you’re planning on doing in the future? ADITYA: Not exactly. But we tried to deploy this

in huge products in Microsoft, and this 1% is something

which I observed there. In the IoT regime, I still

match the performance of LSTM and GRU, but it has

some [INAUDIBLE] issues when it goes to large-scale data sets. AUDIENCE: OK. So you’re saying is there’s not

sort of a general equivalence between these two things. ADITYA: Yeah. Because we– AUDIENCE: You don’t really

have a consensus of when the [INAUDIBLE] ADITYA: Yeah. It’s just experimental. So as long as LSTM works, I can

guarantee you up to 1% error. But yeah, that’s that. I can’t always get into your

matching LSTM performance. AUDIENCE: OK. Fair enough. It was cool. The experiment was [INAUDIBLE]

with very good results. ADITYA: Sure. Thanks. AUDIENCE: What size

[INAUDIBLE] was the library? Because you said you did Hey,

Cortana in 1k [INAUDIBLE] you did it– like, the general library

size, how big is it? ADITYA: So the code

is pretty small. The inference codes are

returning native [INAUDIBLE].. So inference codes are just a

couple, 20 to 30 lines of code. And once you write the

serialization you can do that. And we also have

a compiler which was published in PLDI which

can take in all of our models and do the inference for you. Yeah. AUDIENCE: You said

that the unitary RNN is inherently stable, but

then it’s really bulky. ADITYA: Yeah. AUDIENCE: So what’s the

trade-off for FastRNN? Is there a similar [INAUDIBLE]? ADITYA: No. So FastRNN is only limited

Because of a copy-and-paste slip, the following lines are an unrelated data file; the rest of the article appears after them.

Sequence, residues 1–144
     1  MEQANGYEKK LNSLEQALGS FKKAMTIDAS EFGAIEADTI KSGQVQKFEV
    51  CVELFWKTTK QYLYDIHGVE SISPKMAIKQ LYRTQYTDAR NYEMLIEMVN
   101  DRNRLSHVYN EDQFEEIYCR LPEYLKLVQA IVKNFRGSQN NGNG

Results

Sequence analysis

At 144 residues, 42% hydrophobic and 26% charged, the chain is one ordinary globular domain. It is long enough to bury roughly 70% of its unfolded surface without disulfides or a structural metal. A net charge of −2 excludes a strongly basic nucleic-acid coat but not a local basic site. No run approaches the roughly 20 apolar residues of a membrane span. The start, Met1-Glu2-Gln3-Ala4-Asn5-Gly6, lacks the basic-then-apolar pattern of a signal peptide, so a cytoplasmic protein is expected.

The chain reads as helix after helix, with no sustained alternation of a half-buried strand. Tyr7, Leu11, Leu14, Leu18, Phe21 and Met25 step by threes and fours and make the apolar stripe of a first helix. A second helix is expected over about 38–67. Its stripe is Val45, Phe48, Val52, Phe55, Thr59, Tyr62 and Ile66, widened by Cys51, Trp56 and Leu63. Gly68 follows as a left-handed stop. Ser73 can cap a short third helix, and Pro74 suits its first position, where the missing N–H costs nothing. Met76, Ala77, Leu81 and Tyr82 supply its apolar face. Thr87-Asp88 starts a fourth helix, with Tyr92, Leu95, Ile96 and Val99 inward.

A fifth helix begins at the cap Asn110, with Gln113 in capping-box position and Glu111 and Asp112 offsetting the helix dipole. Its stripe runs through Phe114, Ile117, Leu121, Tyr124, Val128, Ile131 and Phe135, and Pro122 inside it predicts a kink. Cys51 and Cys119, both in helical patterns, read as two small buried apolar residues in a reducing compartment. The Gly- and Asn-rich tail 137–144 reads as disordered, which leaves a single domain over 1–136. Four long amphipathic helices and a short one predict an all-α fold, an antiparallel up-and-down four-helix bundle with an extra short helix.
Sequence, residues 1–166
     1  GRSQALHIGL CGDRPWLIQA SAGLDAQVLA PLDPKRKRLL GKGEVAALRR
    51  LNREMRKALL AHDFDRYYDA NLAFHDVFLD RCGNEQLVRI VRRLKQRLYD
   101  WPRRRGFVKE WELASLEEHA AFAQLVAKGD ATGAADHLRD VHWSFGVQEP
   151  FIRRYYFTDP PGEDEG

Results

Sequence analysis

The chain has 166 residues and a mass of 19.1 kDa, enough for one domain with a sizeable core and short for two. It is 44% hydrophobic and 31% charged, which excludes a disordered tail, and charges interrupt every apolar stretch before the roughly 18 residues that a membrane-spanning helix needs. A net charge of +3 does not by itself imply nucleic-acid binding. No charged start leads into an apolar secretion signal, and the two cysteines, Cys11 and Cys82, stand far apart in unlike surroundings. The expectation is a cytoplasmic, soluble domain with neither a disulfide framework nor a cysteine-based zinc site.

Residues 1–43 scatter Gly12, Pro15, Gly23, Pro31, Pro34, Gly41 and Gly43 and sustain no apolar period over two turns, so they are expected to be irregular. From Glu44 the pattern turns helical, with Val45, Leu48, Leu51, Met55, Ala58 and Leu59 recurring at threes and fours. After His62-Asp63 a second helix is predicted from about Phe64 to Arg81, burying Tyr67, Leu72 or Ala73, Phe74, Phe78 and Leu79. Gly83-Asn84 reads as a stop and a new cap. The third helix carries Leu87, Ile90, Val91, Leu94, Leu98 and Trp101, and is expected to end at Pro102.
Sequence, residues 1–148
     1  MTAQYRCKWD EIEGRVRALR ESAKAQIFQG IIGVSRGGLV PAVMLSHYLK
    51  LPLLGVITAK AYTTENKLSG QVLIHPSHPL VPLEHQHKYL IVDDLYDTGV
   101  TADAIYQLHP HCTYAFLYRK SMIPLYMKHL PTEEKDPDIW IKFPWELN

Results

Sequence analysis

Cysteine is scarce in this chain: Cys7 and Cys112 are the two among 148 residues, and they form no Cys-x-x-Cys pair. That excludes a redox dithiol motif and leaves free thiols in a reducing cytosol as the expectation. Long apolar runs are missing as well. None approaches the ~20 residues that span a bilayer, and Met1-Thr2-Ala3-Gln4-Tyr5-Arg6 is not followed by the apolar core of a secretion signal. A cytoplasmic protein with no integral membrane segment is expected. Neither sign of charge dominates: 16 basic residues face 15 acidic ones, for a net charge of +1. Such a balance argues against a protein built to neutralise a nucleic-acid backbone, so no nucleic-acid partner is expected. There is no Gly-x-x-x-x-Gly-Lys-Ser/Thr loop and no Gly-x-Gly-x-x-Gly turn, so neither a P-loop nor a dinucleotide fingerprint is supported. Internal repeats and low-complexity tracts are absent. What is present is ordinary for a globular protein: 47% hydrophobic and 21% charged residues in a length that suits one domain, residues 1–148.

by its expressivity. Because even though universal

approximation theorem says all the RNNs are all-powerful,

but you are using a convex optimization routine

to solve a non-convex. Problem. So we don’t when we

hit the sweet spot. But empirically, when we

actually do the experiments, like unitary RNNs

are [INAUDIBLE] 5% load, then FastRNN. But FastRNN is still [INAUDIBLE]

1% to 2% less than [INAUDIBLE].. So this is all empirical. But theoretically, FastRNN’s

training is always stable. So you will never have exploding

and vanishing gradient problem. ZACH: These are great questions. I think we’re going to thank

Aditya again and have Robbie– [APPLAUSE] And remember, these

are your colleagues. So if you have more

questions, find them in the research [INAUDIBLE]. AUDIENCE: Could I have a

quick note, just for you if you’re using a

mic, make sure you’re holding it close

enough to your mouth that it actually picks up– ZACH: Everybody hear that? (SHOUTING) If you

want to be heard– Just a second, guys. ROBBIE: All right. So this is joint work that

I did with three undergrads here at UW– Nick, [INAUDIBLE] and Sierra. The title for the draft that

we have of this paper right now is A Strategy-Proof Alternative

to Round-Robin Subtournaments. But for this talk,

I’ve added a subtitle, which is, Are People

Good at Their Jobs? And that’s actually

the question I’m going to be asking you multiple

times throughout this talk. So I’m going to

start by asking you about some Olympic

athletes, and asking you, are they good at their jobs? So I’m going to